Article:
Are you new to playing guitar? One of the most difficult things about becoming a musician is trying to learn all of the different jargon and technical terms that other musicians like to use in casual conversation.
This can be very frustrating for those who are just starting, but it’s important to know what these words mean so that you don’t get confused by them.
The term ‘guitar licks’ is likely something you’ve heard more than once, and if you’d like to know what exactly this means, you’ve come to the right place!
In this article, we will explain some of the most common guitar licks and how they work.
We will also go over some of the more obscure terms used in music theory, such as chord progressions and scales.
This should help you understand the language of guitarists better, and hopefully make your learning process a little easier.
What Is Meant By ‘Guitar Lick?’
A guitar lick is simply a musical phrase or melody played on the guitar. These phrases are usually short, catchy melodies that are often repeated throughout a song.
The reason why guitar players call these phrases ‘licks’ is because they are often used to create a distinctive sound when soloing.
The best way to think about guitar licks is that they are simply one part of a larger composition.
They may not always be the main focus of the piece, but they play an essential role in helping to shape the overall feel of the song.
When writing songs, composers often use guitar licks to add interest and variety to their compositions.
For example, you might hear a guitarist playing a simple blues riff, followed by a few seconds of silence before he plays another lick.
This gives the listener time to reflect on what has just happened and helps to keep the song interesting.
In addition to this, guitar licks can also be used to give a song a unique identity.
If you listen to any number of classic rock bands, you’ll notice that many of their songs have a distinct rhythm section (bass and drums) and lead vocalists.
However, each band tends to have its signature style, and this is largely down to the guitar licks that they choose to use.
For instance, Led Zeppelin’s “Whole Lotta Love” uses a guitar lick called the “Taurus loop.”
It consists of two chords (E major and D minor), with the notes E-D-C-F being played at regular intervals. You can see this lick in action below:
As you can see from the above example, the Taurus loop is a fairly basic pattern, but it works well within the context of the song.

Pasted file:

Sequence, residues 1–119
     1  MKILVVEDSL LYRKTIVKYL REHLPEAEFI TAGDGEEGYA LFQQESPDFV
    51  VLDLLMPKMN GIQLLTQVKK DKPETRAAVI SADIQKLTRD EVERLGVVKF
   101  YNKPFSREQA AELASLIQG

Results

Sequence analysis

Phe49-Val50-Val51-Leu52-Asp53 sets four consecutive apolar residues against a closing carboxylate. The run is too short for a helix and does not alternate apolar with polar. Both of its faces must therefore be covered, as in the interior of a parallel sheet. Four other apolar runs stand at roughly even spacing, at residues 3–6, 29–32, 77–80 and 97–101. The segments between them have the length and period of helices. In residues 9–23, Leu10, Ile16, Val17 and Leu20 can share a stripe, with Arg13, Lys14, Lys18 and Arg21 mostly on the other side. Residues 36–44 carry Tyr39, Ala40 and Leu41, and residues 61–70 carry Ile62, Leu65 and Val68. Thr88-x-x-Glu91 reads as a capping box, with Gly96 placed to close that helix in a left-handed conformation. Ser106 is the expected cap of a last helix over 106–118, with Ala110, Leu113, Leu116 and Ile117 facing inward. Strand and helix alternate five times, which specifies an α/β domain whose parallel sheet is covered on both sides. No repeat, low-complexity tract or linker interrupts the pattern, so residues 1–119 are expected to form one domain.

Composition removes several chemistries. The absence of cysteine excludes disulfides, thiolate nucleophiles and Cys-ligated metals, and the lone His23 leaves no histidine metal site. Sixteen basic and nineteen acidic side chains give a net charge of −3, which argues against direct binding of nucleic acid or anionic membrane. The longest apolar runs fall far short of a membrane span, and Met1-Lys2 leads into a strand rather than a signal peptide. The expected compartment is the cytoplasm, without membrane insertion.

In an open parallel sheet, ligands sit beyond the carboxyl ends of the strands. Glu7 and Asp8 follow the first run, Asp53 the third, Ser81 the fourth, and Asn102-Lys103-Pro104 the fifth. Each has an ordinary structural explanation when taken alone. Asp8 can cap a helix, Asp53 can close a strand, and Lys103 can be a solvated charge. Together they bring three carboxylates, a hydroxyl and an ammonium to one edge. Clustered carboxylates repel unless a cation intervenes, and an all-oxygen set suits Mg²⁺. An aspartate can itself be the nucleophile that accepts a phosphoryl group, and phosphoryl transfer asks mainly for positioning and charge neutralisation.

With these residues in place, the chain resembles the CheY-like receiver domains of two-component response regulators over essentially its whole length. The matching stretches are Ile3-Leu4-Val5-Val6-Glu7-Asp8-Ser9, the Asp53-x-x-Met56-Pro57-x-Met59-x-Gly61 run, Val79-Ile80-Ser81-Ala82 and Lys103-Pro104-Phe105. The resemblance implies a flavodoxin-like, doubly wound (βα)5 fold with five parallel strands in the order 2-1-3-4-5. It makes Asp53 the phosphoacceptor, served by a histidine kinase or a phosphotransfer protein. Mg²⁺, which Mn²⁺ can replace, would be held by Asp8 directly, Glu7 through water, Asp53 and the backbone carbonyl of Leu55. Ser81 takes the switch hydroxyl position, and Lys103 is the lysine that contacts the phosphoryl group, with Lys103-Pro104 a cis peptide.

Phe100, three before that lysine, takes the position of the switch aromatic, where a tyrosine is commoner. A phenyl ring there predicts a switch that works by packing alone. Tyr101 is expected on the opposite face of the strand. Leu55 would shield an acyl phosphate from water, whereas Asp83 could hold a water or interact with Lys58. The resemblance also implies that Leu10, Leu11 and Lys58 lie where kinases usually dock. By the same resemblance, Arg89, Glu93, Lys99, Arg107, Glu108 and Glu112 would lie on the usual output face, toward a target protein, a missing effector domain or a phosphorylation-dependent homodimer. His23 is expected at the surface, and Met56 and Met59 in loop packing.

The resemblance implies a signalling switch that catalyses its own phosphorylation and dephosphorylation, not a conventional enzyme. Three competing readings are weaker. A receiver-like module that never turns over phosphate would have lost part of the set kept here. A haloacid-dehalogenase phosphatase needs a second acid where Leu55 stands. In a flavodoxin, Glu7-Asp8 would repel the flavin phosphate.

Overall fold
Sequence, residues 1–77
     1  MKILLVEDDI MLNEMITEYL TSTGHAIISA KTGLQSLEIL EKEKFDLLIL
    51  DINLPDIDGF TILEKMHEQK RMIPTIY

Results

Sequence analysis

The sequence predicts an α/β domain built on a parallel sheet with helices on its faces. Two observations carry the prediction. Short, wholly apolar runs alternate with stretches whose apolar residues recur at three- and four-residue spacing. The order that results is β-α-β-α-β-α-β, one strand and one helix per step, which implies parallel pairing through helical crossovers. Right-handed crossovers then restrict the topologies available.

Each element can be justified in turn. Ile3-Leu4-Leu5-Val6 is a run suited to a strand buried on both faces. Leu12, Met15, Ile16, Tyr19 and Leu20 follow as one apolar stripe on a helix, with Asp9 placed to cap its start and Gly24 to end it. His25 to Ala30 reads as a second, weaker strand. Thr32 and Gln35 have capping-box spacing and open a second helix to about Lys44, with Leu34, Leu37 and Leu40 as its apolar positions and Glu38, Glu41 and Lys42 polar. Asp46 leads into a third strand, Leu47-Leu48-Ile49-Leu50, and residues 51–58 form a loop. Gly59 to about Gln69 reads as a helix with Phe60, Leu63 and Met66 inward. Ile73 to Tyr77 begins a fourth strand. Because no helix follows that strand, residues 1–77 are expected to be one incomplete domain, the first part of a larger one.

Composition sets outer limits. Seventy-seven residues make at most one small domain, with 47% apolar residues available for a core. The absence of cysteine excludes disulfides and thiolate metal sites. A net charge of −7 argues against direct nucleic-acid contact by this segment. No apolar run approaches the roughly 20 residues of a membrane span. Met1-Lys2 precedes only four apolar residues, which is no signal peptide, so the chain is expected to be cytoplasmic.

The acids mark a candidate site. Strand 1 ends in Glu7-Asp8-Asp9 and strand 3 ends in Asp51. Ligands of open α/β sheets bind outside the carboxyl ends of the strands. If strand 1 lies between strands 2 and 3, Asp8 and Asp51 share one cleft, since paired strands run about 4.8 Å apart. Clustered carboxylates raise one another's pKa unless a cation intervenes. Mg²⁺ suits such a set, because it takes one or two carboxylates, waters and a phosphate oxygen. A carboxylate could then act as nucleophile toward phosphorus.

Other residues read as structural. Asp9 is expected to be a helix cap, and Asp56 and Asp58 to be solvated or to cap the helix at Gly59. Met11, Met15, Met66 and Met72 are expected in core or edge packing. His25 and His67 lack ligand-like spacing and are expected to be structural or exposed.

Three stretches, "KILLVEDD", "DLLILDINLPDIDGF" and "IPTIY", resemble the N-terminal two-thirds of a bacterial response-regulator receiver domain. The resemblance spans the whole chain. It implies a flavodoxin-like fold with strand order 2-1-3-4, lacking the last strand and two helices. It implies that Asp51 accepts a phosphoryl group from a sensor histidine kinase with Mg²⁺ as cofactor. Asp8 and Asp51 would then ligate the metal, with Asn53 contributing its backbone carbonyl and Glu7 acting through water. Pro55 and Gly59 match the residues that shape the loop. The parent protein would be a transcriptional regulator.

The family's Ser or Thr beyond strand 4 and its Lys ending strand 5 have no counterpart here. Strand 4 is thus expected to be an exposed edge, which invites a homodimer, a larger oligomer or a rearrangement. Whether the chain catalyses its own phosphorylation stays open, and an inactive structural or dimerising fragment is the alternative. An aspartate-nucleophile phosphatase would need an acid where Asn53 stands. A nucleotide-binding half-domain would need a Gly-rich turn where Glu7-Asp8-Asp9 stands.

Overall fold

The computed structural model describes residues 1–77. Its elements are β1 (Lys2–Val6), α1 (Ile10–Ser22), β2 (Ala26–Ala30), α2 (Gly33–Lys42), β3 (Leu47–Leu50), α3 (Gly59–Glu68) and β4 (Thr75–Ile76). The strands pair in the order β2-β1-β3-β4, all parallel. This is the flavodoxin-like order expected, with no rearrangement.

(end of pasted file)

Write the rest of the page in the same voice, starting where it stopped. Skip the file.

When you hear it again later in the track, you’ll instantly recognize it as the same lick.
Another great example of a guitar lick is the famous “Alligator” lick from Van Halen’s “Runnin’ With the Devil”.
This is a much more complex lick, consisting of four chords (Am7, Gm7, Em7, C5). Each note in the lick is played twice, giving us eight repetitions of the entire pattern.
As you can see, there are hundreds of different types of guitar licks available to you. Some of them are extremely easy to play, while others are incredibly challenging.
There isn’t a limit to what you can do with a lick – you can even play a whole song using only a handful of licks!
How To Play Guitar Licks?
Learning guitar licks is quite straightforward. All you need to do is learn a couple of patterns, then practice them until you’re comfortable with them.
Once you’re ready to start improvising, you can try adding your variations to the original patterns.
If you want to start with something relatively easy, I would recommend trying out the following three licks.
Chord Progressions And Scales
Before we move onto the actual licks themselves, let’s take a look at some of the terminology used in music theory.
In general, when talking about chord progressions, we refer to the chords that make up the progression. These will usually consist of either Major or Minor chords.
The reason for this is that most popular songs tend to follow the key of C Major. As such, all of the chords in the progression must be based around the C Major scale.
This means that if you were to play a chord progression like Am-G-Em-C-D-G, you’d be able to tell which chord was which without having to count anything.
Similarly, when discussing scales, we talk about the notes that make up the scale. Again, these will generally be made up of Major or Minor chords.
So, if you wanted to play an ascending scale, you could play Am-Bb-C-D-E-F-Gb-Ab-A.
You might think that playing scales over chords sounds complicated, but it’s very simple.
The main thing to remember is that every time you add a new note to the scale, you’re going to change the chord type.
For example, if you added F to the scale, you would now be playing an Ab Major chord instead of an Am Major chord.
So, once you’ve learned how to identify chords and scales, you should be able to start learning guitar licks. Let’s go through some examples…
The Power Of Pentatonic Scale Licks
One of the best ways to get started with guitar licks is by learning pentatonic scale licks.
These are just one note per string, so they’re perfect for beginners who don’t have any experience with other styles of guitar playing.
Many beginner players use the pentatonic scale before they even know how to read music. They simply find a few good-sounding notes on their guitar, and then build upon those.
For example, here’s a basic pentatonic scale:
Let’s break down each line.